This post is the latest in the series Uncover Diverse Colombia by Colombia Photo Expeditions, in which Kike Calvo profiles interesting information, research and thoughts on Colombia for journalism, ecotourism, science, exploration and photography.
As a result of the 58th Annual Meeting of the Society for Economic Botany celebrated in Braganca (Portugal) during June 4-9 of June 2017, the book “ Living in a global world: ethnobotany, local knowledge and sustainability.” was produced. The program included “Changing markets: medicinal plant ethnobotany in the Andes of Bolivia, Peru and Colombia” by Authors: Paniagua-Zambrana, Narel Y. , Bussmann, Rainer W , Hart, Robbie E , Romero, Carolina , Moya Huanca, Araseli Laura .
Given the importance of local markets as a source of medicinal plants for both healers and the population, literature on market flows and the value of the plant material traded is rather scarce. This stands in contrast to wealth of available information for other com- ponents of Andean ethnobotany. The present study attempts to remedy this situation by providing a detailed inventory of medicinal plant markets in the La Paz-El Alto (Bolivia); Lima, Trujillo and Chiclayo (Peru) and Bogota (Colombia). Both species composition, and medicinal applications, have changed considerably over time. From 2001-2015, semi– structured interviews were conducted with hundreds of plant vendors in order to elucidate more details on plant usage and provenance. The results of the present study were then compared to previous inventories of medicinal plants in the region, as much as available, to elucidate changes over time and impact of interview techniques. Over the years we we encountered and documented over 800 plant species. This indicates a great wealth of ethnobotanical knowledge in the Andean region of South America. All markets show a considerable change over the last few decades, with new species being introduced into the market chain, and other species being replaced. In course of the present study it became apparent that even well known species might often be replaced by other ap- parently similar but botanically unrelated species due to environmental and market forces The present data indicate that, while the floristic composition of often remained relatively constant over the last decades, the number of indications for which certain species were used increased tremendously, and that profound differences exist even between markets in close proximity. The dramatic increase in previously not used species used per indica- tion might pose serious risks for consumers. We found serious problems due to species replacements. Even plants that have a well established vernacular name, and are easily recognizable botanically, can be replaced by other species that can pose a serious health risk. Vendor education and stringent identification of the material sold in public markets are clearly needed.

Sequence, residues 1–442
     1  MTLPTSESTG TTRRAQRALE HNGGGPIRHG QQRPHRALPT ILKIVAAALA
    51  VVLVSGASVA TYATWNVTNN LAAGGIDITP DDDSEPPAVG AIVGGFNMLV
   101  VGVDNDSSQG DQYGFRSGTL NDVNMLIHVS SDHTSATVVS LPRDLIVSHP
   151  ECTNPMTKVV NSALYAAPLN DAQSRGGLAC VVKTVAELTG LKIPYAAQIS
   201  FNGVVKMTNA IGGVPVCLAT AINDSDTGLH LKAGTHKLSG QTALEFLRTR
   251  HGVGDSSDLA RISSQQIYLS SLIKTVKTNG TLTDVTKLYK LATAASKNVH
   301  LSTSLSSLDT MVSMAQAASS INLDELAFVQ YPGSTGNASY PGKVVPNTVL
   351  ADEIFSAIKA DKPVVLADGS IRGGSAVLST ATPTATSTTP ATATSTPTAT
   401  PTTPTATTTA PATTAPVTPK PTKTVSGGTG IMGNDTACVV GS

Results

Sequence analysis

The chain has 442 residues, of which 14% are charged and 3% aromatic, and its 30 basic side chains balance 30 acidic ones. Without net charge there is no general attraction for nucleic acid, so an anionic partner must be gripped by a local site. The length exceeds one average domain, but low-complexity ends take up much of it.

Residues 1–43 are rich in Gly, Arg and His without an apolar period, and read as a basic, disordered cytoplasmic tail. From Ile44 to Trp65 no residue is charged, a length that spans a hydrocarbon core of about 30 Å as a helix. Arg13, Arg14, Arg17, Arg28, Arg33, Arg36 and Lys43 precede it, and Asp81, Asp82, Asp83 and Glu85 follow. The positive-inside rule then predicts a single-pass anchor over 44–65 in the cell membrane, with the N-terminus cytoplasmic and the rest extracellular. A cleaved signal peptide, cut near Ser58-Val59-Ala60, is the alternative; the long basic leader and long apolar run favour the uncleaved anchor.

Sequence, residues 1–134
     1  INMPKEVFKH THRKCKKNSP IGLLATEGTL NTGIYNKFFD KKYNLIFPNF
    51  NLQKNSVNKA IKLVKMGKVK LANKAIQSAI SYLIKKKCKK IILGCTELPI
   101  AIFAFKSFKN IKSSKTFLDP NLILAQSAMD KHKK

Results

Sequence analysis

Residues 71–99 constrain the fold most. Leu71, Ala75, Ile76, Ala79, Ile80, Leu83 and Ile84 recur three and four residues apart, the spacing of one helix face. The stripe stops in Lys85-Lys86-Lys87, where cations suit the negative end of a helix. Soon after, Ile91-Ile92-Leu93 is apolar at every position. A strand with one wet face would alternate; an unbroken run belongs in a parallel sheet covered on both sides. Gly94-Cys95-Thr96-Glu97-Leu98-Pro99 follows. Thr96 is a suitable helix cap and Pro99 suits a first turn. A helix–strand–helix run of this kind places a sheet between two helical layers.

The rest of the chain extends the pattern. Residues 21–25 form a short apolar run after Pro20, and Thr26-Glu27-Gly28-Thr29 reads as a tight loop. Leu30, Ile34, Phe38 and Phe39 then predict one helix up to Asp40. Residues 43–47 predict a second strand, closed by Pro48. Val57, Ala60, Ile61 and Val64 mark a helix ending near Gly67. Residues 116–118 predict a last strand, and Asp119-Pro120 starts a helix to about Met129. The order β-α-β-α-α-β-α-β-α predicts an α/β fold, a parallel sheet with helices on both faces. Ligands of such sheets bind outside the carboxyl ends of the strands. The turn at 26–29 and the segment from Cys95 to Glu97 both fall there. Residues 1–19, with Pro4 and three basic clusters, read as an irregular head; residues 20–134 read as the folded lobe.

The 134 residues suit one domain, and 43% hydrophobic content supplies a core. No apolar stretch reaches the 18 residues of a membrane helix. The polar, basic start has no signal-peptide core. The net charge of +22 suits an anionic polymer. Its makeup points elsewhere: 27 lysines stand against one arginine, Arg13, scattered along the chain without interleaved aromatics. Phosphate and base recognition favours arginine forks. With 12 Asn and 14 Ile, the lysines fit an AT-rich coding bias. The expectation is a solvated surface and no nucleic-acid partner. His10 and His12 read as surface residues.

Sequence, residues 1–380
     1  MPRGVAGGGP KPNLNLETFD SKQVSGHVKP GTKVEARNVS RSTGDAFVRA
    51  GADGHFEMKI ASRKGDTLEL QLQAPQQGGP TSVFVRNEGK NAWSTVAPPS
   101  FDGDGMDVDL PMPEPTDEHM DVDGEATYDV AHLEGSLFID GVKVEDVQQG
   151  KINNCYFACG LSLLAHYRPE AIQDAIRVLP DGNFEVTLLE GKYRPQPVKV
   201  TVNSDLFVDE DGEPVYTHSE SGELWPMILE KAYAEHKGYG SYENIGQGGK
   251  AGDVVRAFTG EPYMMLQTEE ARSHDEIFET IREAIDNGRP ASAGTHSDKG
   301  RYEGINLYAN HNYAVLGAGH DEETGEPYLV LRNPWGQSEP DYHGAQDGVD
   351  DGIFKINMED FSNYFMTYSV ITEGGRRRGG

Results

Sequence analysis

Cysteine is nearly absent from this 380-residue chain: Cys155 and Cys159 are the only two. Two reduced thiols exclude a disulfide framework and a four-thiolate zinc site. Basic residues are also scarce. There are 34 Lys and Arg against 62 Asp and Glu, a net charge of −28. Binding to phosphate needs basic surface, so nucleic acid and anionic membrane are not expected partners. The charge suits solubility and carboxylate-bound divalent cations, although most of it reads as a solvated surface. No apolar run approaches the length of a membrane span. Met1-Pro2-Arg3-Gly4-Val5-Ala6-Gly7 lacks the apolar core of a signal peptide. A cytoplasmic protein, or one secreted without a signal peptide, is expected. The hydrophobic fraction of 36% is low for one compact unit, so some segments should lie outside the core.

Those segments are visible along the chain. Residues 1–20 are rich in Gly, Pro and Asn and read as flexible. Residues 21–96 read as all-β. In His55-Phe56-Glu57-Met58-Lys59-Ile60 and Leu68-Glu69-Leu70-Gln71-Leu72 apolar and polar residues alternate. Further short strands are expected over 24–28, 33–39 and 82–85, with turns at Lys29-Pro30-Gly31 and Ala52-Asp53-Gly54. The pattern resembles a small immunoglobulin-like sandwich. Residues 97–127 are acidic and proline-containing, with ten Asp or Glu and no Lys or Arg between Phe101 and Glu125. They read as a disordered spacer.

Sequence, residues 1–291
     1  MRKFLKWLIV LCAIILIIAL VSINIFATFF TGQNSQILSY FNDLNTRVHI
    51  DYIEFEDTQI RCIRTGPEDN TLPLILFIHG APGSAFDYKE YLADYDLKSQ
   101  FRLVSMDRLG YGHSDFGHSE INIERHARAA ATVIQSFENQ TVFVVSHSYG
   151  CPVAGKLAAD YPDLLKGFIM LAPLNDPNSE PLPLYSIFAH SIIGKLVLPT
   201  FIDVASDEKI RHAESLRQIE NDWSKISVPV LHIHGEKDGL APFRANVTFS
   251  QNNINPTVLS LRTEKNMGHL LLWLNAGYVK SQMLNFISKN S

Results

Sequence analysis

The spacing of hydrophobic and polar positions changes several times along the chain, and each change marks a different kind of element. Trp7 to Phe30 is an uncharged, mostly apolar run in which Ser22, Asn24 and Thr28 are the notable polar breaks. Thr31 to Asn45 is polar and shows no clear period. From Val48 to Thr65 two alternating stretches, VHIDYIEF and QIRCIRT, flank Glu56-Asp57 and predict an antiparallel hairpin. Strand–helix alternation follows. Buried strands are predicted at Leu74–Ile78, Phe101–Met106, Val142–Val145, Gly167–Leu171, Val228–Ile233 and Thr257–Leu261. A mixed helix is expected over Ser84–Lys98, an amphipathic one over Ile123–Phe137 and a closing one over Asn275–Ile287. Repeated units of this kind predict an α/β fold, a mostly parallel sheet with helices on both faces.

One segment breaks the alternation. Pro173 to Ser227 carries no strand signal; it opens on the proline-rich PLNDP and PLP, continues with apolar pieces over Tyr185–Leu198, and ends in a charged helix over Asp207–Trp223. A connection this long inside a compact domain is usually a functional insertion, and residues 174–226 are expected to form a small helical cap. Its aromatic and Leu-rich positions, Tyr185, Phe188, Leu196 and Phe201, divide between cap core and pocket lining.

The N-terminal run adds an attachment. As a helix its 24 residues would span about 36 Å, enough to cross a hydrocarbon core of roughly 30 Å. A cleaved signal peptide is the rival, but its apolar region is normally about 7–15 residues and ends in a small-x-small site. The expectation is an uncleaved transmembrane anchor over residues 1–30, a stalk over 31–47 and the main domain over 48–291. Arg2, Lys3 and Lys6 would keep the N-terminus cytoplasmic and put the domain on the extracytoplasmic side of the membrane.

1 – Universidad Nacional de San Andres, Herbario Nacional de Bolivia, Cota Cota, La Paz, Murillo, Bolivia; 2 – Missouri Botanical Garden, WLBC, PO Box 299, Saint Louis, Missouri, 63166-0299, United States; 3 – Missouri Botanical Garden, WLBC, P. O. Box 299, Saint Louis, MO, 63166-0299, United States
Photo: Botanical Garden of the Pacific. Mecana River Nature Reserve. Bahia Solano, Choco, Colombia. © Kike Calvo